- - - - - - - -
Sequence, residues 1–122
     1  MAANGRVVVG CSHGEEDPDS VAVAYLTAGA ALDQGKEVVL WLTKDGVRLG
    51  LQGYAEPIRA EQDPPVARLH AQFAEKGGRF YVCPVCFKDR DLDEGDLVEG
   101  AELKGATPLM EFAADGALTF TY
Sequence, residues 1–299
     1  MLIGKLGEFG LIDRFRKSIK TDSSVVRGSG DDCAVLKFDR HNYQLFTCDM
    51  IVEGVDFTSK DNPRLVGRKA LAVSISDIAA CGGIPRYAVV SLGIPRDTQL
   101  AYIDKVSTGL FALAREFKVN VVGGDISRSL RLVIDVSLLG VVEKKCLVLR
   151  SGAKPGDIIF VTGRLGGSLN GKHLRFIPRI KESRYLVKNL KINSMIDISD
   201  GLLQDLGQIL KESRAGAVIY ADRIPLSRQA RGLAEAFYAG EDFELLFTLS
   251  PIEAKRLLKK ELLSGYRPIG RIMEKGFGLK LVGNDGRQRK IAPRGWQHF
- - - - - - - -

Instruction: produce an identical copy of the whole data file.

Sequence, residues 1–122
     1  MAANGRVVVG CSHGEEDPDS VAVAYLTAGA ALDQGKEVVL WLTKDGVRLG
    51  LQGYAEPIRA EQDPPVARLH AQFAEKGGRF YVCPVCFKDR DLDEGDLVEG
   101  AELKGATPLM EFAADGALTF TY
Sequence, residues 1–299
     1  MLIGKLGEFG LIDRFRKSIK TDSSVVRGSG DDCAVLKFDR HNYQLFTCDM
    51  IVEGVDFTSK DNPRLVGRKA LAVSISDIAA CGGIPRYAVV SLGIPRDTQL
   101  AYIDKVSTGL FALAREFKVN VVGGDISRSL RLVIDVSLLG VVEKKCLVLR
   151  SGAKPGDIIF VTGRLGGSLN GKHLRFIPRI KESRYLVKNL KINSMIDISD
   201  GLLQDLGQIL KESRAGAVIY ADRIPLSRQA RGLAEAFYAG EDFELLFTLS
   251  PIEAKRLLKK ELLSGYRPIG RIMEKGFGLK LVGNDGRQRK IAPRGWQHF